Now, let us translate this definition of fairness into money. Together, Joe, Jack and eight other people make a total of $1,000 per month. Big, strong Joe makes $150, while Jack makes $50 and everyone else $100 each.

The town needs a sheriff, whom they will pay $100 per month. How should they distribute the tax burden? If everyone should contribute according to his ability, then Joe should pay $15 per month, Jack $5 per month and everybody else $10 per month.

This fair tax rate is also a flat tax rate. It is easy to understand and morally appealing.

Yet our current tax system is entirely different, with seven tax brackets where the highest rate of 39.6 percent is almost four times the lowest rate of ten percent.

A few wealthy taxpayers bankroll most of the government

The practical effect of this tax system is that a small group of taxpayers shoulder a disproportionate tax burden. As economist Walter E. Williams explains, the top-ten percent of income earners pay 70 percent of all federal income taxes, while the bottom-50 percent pay as little as 3 percent.

But America’s income tax system is unfair in other ways too. As we established, a fair tax system would ask everyone to pay according to their ability. However, today most taxpayers pay less than their ability, while a small group of taxpayers pay far more than their ability, measured as their income.

According to IRS tax filing data, in 2014 Americans filed 148.6 million individual income-tax returns. Of those returns, 142.3 million reported an income of less than $200,000. Together, those tax filers earned almost $4 trillion, out of which they paid just over half-a-trillion dollars in taxes ($575 billion).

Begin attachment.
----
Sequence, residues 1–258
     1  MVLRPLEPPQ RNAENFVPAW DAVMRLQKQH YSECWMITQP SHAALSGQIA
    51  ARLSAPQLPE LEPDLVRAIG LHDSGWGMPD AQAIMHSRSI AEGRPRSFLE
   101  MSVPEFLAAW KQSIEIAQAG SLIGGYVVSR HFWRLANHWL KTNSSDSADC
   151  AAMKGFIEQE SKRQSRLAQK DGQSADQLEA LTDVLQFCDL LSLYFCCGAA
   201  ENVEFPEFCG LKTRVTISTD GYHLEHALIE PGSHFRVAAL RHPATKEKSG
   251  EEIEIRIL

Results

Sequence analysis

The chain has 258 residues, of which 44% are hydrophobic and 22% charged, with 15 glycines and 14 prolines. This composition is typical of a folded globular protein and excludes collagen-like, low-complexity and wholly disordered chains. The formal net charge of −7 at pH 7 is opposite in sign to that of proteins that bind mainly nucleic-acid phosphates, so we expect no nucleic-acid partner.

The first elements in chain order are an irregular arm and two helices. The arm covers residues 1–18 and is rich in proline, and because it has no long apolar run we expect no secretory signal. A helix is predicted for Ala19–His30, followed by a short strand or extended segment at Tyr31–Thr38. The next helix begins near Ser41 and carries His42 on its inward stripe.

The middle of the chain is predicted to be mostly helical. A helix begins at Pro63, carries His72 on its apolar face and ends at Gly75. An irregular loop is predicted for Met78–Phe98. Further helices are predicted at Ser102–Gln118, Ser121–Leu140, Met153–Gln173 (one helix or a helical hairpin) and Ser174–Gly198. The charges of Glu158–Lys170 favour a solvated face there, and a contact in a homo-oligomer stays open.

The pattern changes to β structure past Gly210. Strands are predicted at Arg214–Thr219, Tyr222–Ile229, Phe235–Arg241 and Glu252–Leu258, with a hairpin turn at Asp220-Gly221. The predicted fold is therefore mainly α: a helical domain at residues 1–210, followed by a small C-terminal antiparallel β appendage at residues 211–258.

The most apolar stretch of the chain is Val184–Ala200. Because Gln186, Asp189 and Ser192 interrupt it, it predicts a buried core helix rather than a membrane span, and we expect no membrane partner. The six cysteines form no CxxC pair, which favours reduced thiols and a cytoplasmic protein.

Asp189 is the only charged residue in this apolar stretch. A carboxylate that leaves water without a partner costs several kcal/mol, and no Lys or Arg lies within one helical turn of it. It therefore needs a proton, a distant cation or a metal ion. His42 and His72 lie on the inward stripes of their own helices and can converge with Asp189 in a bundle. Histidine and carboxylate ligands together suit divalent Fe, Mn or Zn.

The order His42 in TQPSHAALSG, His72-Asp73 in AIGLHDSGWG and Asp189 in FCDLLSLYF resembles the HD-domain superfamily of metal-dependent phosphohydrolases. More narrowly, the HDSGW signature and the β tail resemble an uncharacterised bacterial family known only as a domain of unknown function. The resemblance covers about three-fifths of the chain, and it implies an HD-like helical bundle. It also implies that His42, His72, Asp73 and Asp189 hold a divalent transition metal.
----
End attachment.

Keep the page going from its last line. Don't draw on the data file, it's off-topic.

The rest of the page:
Their income was equal to 58 percent of all income reported. The taxes they paid, on the other hand, was only 42 percent of all taxes.

The rest of the income, $2.9 trillion, was earned by those who made $200,000 or more. Out of their income, which was 42 percent of all income earned, they paid 58 percent of all individual income taxes.

Put differently: taxpayers earning $200,000 and more, paid 38 percent more taxes than they would have done, if the tax system had been fair.

Does this mean that we should raise taxes on lower income workers and cut them for higher income workers? No, of course not. Nobody should have to pay more in taxes.

But until we have a truly fair tax system – one where every taxpayer pays the same percent of their income – we will simply have to accept that future tax cuts will benefit both lower income earners and those who make a lot of money.

Sven Larson

Sven Larson is an economist specializing in macroeconomics and the welfare state. He has worked for several free-market think tanks and is the author of "Industrial Poverty" a book about the European economic crisis. His forthcoming book "The Rise of Big Government" explains how egalitarianism conquered America. He has a Ph.D in Social Sciences with a Major in Economics from Roskilde University, Denmark.